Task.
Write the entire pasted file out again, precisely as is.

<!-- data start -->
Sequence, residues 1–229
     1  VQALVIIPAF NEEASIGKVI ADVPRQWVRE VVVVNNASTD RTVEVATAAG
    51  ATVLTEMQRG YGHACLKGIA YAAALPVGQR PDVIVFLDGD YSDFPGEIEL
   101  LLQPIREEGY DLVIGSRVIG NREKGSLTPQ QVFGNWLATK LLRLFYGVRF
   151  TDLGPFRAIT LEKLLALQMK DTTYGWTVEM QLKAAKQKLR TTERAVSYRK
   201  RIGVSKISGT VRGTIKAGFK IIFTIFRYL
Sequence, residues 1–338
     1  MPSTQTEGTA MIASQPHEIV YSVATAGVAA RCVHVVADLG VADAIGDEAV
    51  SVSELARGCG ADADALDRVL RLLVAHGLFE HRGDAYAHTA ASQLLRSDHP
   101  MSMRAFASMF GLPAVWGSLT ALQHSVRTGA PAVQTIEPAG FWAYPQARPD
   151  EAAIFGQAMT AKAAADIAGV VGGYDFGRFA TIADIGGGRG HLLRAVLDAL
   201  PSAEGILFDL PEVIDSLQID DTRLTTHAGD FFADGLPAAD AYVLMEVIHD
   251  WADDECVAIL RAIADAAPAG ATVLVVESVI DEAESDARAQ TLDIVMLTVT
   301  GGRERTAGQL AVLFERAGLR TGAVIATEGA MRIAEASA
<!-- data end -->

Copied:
Sequence, residues 1–229
     1  VQALVIIPAF NEEASIGKVI ADVPRQWVRE VVVVNNASTD RTVEVATAAG
    51  ATVLTEMQRG YGHACLKGIA YAAALPVGQR PDVIVFLDGD YSDFPGEIEL
   101  LLQPIREEGY DLVIGSRVIG NREKGSLTPQ QVFGNWLATK LLRLFYGVRF
   151  TDLGPFRAIT LEKLLALQMK DTTYGWTVEM QLKAAKQKLR TTERAVSYRK
   201  RIGVSKISGT VRGTIKAGFK IIFTIFRYL
Sequence, residues 1–338
     1  MPSTQTEGTA MIASQPHEIV YSVATAGVAA RCVHVVADLG VADAIGDEAV
    51  SVSELARGCG ADADALDRVL RLLVAHGLFE HRGDAYAHTA ASQLLRSDHP
   101  MSMRAFASMF GLPAVWGSLT ALQHSVRTGA PAVQTIEPAG FWAYPQARPD
   151  EAAIFGQAMT AKAAADIAGV VGGYDFGRFA TIADIGGGRG HLLRAVLDAL
   201  PSAEGILFDL PEVIDSLQID DTRLTTHAGD FFADGLPAAD AYVLMEVIHD
   251  WADDECVAIL RAIADAAPAG ATVLVVESVI DEAESDARAQ TLDIVMLTVT
   301  GGRERTAGQL AVLFERAGLR TGAVIATEGA MRIAEASA